Today, if you will indulge me; I feel as though I need to take a little break from writing about the trials and tribulations that befall a family of six living on a farm.
There have been no postings from me for a few days now because; well to be honest I have been in a bit of a funk. Then last night it hit me, after a long conversation with a dear friend, my brain flooded into neural overload and like riding a DeLorean back through time, images once again began to appear. I don’t like it when they arrive as they do so without cause or care, but it was at that moment I realized it was time to write about them.
These images are like none anyone would ever want to see. They haunt me from time to time and ruin just about every moment of my life in some strange way or another. They come and go as they choose, sometimes in the middle of the day, other times late at night. When I am asleep they wreak havoc upon my subconscious awakening me to sweat, cold and fear. Some nights they are so real I have to walk our house, stepping into every room while telling myself; “it is just a dream.” There are other times when nighttime dreams become so bizarre it seems they should be uses as the basis for writing a novel. As though notes should be created, characters molded and then reap the rewards of a story well crafted. But even as bizarre as they can become I am still able to recognize the truth within their core.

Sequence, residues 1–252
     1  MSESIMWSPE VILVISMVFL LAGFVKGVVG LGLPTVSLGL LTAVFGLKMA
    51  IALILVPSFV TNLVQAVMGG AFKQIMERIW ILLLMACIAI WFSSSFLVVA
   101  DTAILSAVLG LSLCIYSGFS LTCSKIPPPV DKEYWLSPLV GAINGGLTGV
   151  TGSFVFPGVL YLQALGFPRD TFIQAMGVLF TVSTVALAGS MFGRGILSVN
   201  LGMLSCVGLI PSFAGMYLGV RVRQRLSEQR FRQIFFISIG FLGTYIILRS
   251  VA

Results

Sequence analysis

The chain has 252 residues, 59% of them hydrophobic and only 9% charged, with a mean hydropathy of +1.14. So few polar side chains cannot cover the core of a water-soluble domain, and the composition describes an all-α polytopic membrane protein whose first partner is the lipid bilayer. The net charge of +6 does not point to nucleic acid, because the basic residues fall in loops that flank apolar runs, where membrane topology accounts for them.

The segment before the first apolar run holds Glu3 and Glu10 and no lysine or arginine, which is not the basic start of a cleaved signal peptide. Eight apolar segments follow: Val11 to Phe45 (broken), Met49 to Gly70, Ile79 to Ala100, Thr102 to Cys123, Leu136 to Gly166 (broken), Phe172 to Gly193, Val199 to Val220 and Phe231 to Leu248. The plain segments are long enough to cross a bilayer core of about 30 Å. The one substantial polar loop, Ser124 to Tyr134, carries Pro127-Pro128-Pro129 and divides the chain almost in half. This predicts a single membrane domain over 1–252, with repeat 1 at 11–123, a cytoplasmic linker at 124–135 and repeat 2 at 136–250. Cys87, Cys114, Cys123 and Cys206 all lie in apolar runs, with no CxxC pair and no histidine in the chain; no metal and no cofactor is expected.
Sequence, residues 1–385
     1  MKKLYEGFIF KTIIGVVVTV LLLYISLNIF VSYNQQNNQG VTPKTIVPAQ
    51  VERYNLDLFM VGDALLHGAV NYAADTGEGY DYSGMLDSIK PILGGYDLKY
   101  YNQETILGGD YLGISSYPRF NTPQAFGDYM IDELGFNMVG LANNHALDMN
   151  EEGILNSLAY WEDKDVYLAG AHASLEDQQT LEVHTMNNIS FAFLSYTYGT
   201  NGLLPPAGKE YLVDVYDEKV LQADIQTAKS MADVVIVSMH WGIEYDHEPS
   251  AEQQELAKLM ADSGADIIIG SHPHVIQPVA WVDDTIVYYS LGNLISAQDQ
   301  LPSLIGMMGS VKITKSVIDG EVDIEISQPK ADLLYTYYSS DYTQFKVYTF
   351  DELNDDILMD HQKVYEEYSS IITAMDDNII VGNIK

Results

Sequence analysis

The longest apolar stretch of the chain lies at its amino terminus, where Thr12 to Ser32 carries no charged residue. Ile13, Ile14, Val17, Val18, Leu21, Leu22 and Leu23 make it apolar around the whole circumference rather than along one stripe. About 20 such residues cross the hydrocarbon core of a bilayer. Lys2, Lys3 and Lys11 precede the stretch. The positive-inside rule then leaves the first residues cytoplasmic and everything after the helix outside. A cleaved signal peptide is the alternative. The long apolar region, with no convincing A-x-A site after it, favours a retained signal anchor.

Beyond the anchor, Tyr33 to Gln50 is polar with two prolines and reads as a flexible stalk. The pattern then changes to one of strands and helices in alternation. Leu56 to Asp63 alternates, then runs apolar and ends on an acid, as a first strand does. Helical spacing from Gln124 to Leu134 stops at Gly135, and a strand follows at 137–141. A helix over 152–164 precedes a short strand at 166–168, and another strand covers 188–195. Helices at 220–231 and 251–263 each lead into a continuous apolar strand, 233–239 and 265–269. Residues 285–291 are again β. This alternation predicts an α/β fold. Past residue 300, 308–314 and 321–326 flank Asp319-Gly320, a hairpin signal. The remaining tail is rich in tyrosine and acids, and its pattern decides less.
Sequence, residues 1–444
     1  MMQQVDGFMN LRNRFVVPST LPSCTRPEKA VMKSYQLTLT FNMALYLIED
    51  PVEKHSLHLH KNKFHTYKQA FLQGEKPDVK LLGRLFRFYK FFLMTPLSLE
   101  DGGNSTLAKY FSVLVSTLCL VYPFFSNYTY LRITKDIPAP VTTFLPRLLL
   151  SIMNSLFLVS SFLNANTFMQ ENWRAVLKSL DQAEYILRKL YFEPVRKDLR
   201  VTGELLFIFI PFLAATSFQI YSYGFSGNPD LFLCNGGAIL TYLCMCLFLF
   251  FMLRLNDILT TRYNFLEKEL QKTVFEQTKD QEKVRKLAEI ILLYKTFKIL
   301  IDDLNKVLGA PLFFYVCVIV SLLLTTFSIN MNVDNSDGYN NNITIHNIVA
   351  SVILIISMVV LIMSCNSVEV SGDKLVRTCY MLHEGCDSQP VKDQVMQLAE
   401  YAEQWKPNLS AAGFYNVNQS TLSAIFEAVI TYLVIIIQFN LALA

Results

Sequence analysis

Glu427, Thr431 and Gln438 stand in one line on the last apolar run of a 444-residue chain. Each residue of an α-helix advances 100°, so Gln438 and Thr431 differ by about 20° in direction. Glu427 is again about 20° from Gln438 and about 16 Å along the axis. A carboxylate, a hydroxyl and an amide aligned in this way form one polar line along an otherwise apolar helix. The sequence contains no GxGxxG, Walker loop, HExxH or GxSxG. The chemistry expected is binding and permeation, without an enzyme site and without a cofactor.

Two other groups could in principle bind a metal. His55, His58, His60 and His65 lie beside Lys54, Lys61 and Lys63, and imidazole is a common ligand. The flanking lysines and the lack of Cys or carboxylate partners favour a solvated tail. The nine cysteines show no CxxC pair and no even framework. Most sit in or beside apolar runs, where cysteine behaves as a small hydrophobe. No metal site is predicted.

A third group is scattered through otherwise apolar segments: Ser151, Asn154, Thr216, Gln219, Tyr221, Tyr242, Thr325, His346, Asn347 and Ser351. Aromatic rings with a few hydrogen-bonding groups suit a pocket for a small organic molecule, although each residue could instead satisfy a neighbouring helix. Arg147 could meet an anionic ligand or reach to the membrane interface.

As many of you who follow my blog know I am a firefighter. As a firefighter there are certain things we just don’t talk about amongst ourselves or our family. Or when we do we try our best to find the humor in a sad or sick situation. Laughter has always been the best medicine and if we can find just one thing humorous about any incident we then take a moment to laugh at ourselves eventually feeling better about the outcome. We (firefighters) also refuse to discuss these “things” outside of our close-knit circles. Leaving the general public in the blind, it is done out of fear for the reaction it may evoke. But truth be told we are our own worst enemies, therefore I am about to break that rule and hopefully you will understand why in the end.